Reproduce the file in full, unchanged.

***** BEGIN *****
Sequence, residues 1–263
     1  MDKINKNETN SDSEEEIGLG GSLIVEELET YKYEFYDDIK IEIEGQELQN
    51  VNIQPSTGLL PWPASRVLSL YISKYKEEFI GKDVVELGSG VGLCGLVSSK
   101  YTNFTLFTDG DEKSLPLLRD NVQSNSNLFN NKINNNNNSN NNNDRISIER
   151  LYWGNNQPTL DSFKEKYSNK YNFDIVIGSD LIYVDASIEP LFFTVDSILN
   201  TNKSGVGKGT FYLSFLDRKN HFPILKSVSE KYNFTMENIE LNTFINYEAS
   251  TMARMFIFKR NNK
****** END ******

Sequence, residues 1–263
     1  MDKINKNETN SDSEEEIGLG GSLIVEELET YKYEFYDDIK IEIEGQELQN
    51  VNIQPSTGLL PWPASRVLSL YISKYKEEFI GKDVVELGSG VGLCGLVSSK
   101  YTNFTLFTDG DEKSLPLLRD NVQSNSNLFN NKINNNNNSN NNNDRISIER
   151  LYWGNNQPTL DSFKEKYSNK YNFDIVIGSD LIYVDASIEP LFFTVDSILN
   201  TNKSGVGKGT FYLSFLDRKN HFPILKSVSE KYNFTMENIE LNTFINYEAS
   251  TMARMFIFKR NNK